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I feel insulted.
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Old 09-06-04, 06:42 AM   #20
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Quote:
Originally Posted by operator
I feel insulted.
Try using a French word with a French accent in parts of the US these days, and you'll understand why I just say, "saddle bags."

I think pan-year and pan-yea are OK. But why step into a thicket when you can avoid it?

Last edited by Daily Commute; 09-07-04 at 08:54 AM.
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Old 09-07-04, 08:04 AM   #21
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Pan (the thing that you fry eggs with) and ears (those things on your head that you hear and listen with.)
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Old 10-19-04, 04:02 PM   #22
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Quote:
Originally Posted by Xtrmyorick
That's an odd name. I'd'a called 'em "chazzwazzers".
Bumping the thread, and also praising your Simpsons trivia knowlege.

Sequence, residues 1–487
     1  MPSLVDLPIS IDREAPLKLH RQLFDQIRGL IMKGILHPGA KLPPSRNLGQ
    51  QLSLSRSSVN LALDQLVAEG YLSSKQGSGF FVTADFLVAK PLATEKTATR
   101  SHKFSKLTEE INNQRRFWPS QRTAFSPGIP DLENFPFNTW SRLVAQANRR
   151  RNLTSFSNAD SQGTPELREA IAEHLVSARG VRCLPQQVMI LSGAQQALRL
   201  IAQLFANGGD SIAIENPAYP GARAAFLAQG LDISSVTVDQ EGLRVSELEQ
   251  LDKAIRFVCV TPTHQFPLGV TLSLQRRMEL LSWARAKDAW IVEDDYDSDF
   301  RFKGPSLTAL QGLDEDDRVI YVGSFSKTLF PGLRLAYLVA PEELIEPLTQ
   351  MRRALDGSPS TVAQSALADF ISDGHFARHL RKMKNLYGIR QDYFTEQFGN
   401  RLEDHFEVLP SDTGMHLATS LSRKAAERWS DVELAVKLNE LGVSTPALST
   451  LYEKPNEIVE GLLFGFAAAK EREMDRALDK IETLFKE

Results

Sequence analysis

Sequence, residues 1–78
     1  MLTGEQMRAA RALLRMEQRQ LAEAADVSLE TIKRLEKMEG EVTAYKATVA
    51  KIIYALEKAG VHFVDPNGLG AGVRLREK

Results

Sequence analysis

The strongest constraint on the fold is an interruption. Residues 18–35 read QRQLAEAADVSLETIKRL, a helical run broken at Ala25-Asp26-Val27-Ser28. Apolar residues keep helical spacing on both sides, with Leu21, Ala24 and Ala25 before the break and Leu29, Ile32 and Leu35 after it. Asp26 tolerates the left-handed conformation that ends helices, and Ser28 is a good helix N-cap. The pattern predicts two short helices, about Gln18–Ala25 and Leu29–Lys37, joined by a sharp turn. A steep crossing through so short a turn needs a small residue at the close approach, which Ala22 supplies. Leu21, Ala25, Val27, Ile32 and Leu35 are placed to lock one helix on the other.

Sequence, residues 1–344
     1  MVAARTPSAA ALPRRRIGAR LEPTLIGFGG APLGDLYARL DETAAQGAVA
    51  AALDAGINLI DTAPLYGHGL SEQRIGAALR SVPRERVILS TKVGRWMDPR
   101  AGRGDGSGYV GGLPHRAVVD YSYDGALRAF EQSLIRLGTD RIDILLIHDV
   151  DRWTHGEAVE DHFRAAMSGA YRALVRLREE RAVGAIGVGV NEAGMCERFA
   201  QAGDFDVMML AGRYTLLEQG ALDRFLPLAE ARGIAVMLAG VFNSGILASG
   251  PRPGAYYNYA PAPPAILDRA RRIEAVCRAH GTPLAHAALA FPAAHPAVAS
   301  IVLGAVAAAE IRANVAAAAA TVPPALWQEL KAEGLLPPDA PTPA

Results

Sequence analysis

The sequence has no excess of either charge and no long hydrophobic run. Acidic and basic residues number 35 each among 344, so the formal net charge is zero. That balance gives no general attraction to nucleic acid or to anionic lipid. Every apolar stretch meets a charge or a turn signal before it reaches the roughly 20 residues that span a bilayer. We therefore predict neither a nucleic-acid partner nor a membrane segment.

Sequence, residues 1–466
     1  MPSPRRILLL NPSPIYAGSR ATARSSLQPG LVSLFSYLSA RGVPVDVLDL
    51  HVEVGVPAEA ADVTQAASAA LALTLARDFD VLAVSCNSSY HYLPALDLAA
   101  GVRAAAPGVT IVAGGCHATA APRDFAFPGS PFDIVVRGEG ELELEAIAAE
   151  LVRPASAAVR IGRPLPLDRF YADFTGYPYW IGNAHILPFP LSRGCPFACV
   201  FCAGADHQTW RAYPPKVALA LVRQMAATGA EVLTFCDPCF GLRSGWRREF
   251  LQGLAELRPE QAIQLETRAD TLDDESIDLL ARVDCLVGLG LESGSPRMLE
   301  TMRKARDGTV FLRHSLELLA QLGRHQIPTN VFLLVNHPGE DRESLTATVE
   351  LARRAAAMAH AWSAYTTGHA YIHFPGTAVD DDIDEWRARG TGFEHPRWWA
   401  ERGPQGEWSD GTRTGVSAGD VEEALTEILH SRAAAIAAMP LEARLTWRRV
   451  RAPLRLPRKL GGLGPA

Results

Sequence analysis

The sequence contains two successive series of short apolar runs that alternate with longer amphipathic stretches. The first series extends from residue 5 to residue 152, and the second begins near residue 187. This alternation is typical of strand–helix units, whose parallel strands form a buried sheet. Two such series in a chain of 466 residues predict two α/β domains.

"Coffee?"
"Beeah?"
"Coffee?"
"Beeah?"
"No, Kaw-fee?"
"Bee-eeah?"

Classic.
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Old 10-19-04, 05:54 PM   #23
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Quote:
Originally Posted by PainTrain
Bumping the thread, and also praising your Simpsons trivia knowlege.

"Coffee?"
"Beeah?"
"Coffee?"
"Beeah?"
"No, Kaw-fee?"
"Bee-eeah?"

Classic.

Thanks. I was slightly depressed that nobody got it before.
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Old 10-20-04, 09:13 AM   #24
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It's the french word for "basket". Pronounced "pan-yays".
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Old 10-20-04, 10:52 AM   #25
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Pannier is an english word. Panier is a french word for basket. The french word for pannier is sacoche.